Immigration Advocates Speak Out Against Sanctuary Cities Bill
On Wednesday, immigrant advocates carpooled to the state Capitol to voice opposition to several bills, including one that would penalize so-called sanctuary cities.
WUWM'sLaToya Dennis met up with a group of about 20 immigrant advocates before they boarded a bus in Milwaukee to protest what they’re calling anti-immigrant legislation.
“We are all immigrants. We are not criminals like some people say," Guadalupe Gallardo says. She is originally from Mexico but has lived in the U.S. for more than 40 years. Gallardo says she got her citizenship in the late 1990s.
"We are really nice people, working people. Good fathers and mothers, and it’s not right that they want to change the law,” she says.
One of the bills up for a public hearing Wednesday would outlaw sanctuary communities. Wisconsin has three - Racine, Madison and Milwaukee County. Those communities have a policy of not asking people about their immigration status.
Christine Neumann-Ortiz, president of Voces De La Frontera, says the bill would allow anyone to inquire about whether a person is in the country illegally. “If they talk about their immigration status or affirm their status if someone asks them about it, then law enforcement would have the obligation to turn them over to immigration,” she says.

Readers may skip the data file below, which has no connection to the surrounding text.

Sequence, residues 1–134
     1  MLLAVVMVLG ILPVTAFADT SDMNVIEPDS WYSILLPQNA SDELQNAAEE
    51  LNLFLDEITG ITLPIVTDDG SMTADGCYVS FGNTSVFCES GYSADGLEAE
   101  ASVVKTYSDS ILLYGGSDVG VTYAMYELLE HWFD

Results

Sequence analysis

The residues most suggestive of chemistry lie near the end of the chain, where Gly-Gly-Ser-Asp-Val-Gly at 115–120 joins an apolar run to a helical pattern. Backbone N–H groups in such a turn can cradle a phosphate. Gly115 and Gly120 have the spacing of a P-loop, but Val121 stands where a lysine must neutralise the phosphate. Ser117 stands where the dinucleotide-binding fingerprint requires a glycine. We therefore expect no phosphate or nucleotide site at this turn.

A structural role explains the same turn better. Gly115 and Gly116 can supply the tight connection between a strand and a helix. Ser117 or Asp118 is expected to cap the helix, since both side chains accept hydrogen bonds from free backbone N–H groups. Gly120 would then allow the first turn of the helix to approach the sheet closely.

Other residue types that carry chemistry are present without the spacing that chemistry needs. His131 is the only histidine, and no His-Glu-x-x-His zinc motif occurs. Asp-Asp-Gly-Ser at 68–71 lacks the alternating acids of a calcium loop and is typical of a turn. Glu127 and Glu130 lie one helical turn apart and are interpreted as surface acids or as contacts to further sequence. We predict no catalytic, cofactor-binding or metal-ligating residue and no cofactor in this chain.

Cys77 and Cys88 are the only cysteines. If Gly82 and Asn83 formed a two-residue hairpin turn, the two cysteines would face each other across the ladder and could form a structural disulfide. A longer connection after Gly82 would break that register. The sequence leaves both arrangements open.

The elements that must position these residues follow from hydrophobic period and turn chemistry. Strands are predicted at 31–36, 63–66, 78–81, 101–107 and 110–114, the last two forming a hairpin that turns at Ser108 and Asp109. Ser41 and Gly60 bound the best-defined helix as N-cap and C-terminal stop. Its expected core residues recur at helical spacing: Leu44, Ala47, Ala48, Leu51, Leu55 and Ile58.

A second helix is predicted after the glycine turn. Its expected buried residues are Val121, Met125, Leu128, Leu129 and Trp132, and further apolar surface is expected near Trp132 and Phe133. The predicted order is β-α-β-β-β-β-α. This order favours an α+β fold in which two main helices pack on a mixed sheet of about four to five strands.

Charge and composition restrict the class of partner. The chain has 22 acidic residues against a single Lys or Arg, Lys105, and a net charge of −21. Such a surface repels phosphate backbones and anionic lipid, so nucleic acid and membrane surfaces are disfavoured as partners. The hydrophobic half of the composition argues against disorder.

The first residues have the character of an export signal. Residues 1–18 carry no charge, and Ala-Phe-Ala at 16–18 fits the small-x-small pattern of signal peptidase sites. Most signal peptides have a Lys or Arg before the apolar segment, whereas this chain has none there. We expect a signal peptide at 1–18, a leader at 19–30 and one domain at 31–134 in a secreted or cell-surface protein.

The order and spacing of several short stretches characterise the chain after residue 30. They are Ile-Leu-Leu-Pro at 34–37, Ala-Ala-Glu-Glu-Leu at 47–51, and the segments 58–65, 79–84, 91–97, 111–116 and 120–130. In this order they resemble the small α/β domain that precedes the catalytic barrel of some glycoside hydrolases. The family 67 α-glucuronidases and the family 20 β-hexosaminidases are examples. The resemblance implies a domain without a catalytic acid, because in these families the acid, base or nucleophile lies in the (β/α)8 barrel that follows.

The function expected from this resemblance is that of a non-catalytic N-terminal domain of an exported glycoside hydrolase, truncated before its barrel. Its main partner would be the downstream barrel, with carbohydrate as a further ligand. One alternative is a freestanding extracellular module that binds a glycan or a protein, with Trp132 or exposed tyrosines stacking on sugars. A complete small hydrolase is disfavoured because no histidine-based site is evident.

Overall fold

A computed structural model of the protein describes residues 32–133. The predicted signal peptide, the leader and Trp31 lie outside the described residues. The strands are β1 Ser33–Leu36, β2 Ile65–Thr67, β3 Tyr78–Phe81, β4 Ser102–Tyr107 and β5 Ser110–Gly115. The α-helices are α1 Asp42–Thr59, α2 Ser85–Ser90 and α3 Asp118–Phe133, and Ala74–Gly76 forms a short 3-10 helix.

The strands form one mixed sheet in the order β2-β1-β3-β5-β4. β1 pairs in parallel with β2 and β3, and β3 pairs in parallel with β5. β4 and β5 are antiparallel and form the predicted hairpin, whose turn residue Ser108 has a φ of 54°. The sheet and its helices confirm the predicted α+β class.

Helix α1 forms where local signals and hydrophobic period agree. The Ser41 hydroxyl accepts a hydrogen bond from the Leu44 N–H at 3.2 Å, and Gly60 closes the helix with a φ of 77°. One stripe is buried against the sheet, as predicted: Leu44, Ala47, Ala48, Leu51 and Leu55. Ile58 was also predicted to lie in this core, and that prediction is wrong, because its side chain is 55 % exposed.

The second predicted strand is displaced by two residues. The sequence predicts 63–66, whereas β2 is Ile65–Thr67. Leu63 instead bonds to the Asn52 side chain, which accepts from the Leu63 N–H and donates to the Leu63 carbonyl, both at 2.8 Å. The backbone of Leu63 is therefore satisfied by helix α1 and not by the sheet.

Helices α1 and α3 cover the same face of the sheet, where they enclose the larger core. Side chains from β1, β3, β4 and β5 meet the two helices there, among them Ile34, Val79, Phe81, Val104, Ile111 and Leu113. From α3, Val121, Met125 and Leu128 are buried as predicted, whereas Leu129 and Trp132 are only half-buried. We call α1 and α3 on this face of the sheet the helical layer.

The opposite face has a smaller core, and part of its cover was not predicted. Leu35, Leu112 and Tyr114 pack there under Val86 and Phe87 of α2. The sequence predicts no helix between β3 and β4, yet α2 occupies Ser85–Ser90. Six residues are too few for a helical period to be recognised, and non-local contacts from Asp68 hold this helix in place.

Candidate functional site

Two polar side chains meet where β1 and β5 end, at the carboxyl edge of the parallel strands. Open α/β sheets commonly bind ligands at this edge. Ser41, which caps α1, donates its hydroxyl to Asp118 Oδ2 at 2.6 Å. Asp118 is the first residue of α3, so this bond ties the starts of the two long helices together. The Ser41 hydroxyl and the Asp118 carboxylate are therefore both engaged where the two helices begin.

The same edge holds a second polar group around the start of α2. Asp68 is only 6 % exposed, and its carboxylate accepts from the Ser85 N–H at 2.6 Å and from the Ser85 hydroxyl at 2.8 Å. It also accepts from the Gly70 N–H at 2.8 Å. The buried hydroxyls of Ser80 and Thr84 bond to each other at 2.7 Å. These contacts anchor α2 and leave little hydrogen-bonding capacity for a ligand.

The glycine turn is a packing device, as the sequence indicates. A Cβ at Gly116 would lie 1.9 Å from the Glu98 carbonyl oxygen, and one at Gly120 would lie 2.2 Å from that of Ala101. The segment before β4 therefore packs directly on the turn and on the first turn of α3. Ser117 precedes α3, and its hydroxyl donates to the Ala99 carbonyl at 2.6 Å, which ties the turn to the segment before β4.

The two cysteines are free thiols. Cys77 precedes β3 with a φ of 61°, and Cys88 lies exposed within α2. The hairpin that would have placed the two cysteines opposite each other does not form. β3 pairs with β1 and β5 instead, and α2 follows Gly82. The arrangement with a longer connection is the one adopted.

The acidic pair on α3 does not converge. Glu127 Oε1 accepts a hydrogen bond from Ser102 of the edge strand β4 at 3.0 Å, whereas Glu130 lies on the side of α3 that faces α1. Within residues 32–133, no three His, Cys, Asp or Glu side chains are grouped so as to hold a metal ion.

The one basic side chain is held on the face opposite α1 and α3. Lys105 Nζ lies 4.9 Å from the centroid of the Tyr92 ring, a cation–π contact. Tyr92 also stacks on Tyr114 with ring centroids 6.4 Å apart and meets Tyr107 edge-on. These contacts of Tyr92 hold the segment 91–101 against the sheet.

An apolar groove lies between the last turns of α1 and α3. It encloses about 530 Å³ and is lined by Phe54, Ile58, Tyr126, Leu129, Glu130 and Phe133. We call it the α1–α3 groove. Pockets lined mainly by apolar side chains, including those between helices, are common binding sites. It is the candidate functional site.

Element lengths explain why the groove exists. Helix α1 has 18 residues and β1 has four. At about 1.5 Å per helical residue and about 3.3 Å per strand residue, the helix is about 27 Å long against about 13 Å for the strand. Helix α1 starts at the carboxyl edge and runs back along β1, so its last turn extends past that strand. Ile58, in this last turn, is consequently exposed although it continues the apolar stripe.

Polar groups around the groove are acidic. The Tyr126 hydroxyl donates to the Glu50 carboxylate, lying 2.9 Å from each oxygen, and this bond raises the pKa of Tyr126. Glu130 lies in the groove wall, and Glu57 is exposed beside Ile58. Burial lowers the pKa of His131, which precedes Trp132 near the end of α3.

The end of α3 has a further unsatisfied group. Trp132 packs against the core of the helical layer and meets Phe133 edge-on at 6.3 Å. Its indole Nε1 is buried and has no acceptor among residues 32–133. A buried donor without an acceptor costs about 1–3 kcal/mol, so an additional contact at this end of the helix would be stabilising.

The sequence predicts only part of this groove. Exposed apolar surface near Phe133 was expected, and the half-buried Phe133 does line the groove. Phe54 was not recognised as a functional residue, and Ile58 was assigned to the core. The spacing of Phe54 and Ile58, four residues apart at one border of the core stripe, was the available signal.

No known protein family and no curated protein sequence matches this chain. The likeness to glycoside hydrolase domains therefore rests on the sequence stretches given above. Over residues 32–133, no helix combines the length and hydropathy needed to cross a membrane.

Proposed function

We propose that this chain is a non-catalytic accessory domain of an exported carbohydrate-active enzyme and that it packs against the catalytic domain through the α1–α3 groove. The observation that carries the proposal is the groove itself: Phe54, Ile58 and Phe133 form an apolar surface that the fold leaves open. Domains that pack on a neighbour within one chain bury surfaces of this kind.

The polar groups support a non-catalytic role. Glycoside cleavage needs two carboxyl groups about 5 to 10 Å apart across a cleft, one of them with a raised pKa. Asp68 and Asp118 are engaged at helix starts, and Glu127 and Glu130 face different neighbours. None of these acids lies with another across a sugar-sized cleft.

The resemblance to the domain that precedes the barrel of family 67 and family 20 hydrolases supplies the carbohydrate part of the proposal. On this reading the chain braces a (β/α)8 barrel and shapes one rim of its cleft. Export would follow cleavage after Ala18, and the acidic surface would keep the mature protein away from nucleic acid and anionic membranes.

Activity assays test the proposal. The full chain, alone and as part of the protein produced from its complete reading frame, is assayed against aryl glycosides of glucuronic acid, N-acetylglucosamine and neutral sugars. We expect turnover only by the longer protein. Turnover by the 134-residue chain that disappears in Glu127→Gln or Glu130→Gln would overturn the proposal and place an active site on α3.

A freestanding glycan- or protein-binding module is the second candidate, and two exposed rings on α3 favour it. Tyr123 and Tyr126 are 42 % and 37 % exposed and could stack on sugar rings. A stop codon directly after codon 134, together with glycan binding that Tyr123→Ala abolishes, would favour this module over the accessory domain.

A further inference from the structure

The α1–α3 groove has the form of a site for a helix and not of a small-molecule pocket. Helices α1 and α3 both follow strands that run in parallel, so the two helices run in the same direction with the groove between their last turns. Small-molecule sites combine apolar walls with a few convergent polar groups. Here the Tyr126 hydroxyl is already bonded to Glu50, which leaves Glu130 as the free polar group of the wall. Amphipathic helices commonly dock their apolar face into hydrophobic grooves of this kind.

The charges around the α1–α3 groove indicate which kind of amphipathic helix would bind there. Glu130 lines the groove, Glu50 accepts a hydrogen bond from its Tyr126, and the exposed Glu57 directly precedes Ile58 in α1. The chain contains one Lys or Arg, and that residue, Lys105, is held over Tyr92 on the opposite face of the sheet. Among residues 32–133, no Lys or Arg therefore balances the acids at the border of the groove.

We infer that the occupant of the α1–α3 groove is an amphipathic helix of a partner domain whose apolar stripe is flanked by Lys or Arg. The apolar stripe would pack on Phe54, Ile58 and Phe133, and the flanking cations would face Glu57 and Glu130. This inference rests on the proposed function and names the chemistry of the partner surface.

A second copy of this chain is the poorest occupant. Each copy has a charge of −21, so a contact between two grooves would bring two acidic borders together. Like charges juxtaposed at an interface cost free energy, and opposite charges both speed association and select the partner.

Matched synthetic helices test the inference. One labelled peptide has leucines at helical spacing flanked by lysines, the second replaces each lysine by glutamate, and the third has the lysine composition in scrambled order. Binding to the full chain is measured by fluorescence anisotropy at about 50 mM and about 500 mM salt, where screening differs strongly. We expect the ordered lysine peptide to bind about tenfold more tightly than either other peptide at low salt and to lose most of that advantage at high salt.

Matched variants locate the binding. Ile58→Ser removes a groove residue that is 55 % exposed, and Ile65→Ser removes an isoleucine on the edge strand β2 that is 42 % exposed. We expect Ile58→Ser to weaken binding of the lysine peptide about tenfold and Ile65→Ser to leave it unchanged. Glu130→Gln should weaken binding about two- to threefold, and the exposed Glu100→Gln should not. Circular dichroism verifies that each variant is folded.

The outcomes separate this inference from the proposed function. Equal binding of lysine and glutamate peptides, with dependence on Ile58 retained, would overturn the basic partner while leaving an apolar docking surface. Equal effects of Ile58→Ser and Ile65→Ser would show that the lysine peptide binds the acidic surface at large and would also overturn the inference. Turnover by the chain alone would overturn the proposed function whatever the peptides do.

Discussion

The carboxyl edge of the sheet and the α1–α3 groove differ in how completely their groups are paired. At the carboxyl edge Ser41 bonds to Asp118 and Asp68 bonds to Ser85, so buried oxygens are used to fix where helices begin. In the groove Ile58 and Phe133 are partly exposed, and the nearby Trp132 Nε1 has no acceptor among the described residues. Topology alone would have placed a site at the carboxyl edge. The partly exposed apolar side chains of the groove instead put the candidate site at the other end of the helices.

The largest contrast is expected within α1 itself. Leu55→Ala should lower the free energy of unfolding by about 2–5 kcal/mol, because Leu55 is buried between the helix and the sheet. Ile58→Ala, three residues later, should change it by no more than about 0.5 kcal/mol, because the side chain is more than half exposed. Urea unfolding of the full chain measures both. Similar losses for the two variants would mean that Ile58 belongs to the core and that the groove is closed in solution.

Neumann-Ortiz says right now the Milwaukee Police Department has a policy of not inquiring about whether certain people are here legally. Those include people reporting a crime or helping with an investigation.
“For people who are undocumented, it actually means people will be afraid to contact law enforcement and that often extends to their families,” Neumann-Ortiz says.
Neumann-Ortiz worries that a change would also hurt relationships some communities have formed with law enforcement.
Most people would have nothing to fear, according to Republican Representative John Spiros. He’s behind the sanctuary cities bill. Spiros says it is not designed to go after innocent people; the only people who could be questioned about their status are those suspected of a crime.
“This is not a bill that’s going to affect someone who calls in, someone who’s walking down the street, someone who’s up in the farm, someone who’s doing something else. That’s not the intent of this bill,” he says.
Spiros says his plan would not require anyone to ask about a person’s legal status, it would simply allow them to ask. “It just prohibits a municipality from banning their employees from making those inquiries or cooperating with federal immigration agencies.” he says.
When talking about the bill, Spiros points to a fatal shooting in San Francisco last year. It is a sanctuary city and the shooter was in the U.S. illegally.